Himalayan Balsam flower and seed pods
Himalayan Balsam young growth
Dense Himalayan growth
Himalayan Balsam with Japanese Knoweed in the background
Himalayan Balsam stalk Himalayan Balsam seed pods.jpg

Himalayan Balsam

(Impatiens glandulifera)
(pdf information sheet screen quality / print quality)

Himalayan Balsam, commonly known as Indian Balsam and Policemans Helmet, is an invasive non native annual plant which has quickly infested the banks of British waterways shading out the native British plants that stabilise river banks through our winter months. Himalayan Balsam is now a real concern due to erosion of waterways and the adverse impact it is having on our native flora and fauna.

Himalayan Balsam is now controlled by legislation in the UK. It is a criminal offence to encourage or cause the growth of this plant - this can include moving soils that contain the seeds of this plant.

Schedule 9 of the Wildlife and Countryside Act (Scotland) 1981 (WCA 1981) controls the growth of Himalayan Balsam. Powers to issue control orders have been provided under the Wildlife and Natural Environment (Scotland) Act 2011 (asp 6). Soils containing Himalayan Balsam seeds are classified as controlled waste by Part II of the Environmental Protection Act 1990 (EPA 1990) and must be managed in compliance with the Waste Management Licensing Regulations 1994 or an offence will be committed.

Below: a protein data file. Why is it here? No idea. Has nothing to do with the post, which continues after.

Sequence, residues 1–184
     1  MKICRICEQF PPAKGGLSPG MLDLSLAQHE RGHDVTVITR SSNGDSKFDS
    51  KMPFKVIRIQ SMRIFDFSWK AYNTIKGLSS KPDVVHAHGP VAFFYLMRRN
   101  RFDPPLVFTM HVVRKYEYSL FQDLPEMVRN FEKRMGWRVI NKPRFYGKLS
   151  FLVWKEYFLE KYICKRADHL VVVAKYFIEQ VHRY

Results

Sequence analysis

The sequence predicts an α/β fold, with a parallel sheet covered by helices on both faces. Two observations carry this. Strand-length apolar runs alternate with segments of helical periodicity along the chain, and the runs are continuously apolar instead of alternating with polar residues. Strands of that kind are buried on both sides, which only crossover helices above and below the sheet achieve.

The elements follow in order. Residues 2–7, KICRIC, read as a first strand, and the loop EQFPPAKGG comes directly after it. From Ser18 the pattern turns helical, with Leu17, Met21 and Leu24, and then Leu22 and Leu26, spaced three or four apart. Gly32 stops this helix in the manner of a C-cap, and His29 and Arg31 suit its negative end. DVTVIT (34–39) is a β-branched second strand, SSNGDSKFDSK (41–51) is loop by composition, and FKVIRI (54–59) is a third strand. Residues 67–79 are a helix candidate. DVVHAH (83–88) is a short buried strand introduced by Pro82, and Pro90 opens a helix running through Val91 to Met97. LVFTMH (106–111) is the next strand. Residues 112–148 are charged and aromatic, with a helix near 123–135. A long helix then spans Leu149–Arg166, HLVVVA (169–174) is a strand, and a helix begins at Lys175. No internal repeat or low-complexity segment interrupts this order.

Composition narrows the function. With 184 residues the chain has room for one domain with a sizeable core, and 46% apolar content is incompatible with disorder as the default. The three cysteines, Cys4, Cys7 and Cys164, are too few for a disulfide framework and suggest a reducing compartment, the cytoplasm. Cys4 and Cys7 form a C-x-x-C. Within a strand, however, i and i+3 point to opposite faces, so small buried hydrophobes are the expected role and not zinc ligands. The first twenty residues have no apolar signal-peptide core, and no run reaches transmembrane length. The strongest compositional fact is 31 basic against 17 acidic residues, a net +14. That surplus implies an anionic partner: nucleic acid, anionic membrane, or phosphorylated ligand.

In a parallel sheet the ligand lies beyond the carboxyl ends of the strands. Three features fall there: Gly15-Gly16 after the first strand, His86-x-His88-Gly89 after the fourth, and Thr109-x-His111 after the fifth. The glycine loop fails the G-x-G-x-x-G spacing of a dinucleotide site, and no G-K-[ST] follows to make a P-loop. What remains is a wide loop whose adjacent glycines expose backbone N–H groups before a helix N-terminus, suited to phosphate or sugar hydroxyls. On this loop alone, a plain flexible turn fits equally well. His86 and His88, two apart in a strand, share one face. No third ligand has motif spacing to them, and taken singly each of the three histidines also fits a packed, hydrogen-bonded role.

Identification

Himalayan Balsam grows between 1 and 2 metres in height with 2 or 3 serrated green leaves being arranged at node points along the green / red stems. About 3 months after germination the plant will flower, generally from June until autumn, producing most commonly dark pink or purple flowers although very pale pink almost white variations can also be found.

Flowering is then followed by the production of segmental seeds pods, which, when disturbed 'explode' projecting seeds up to 5 metres from the plant. This method results in highly effective seed dispersal. The small black spherical seeds are buoyant and if they land in water they can be carried great distances downstream, seeds can germinate in the water. Each plant can produce several thousand seeds during the growing season and these can remain viable for 2 years.

The plant dies during the first winter frosts and quickly decays making it difficult to identify during the winter months.

Himalayan Balsam pink flower Himalayan Balsam white flower Himalayan Balsam salmon pink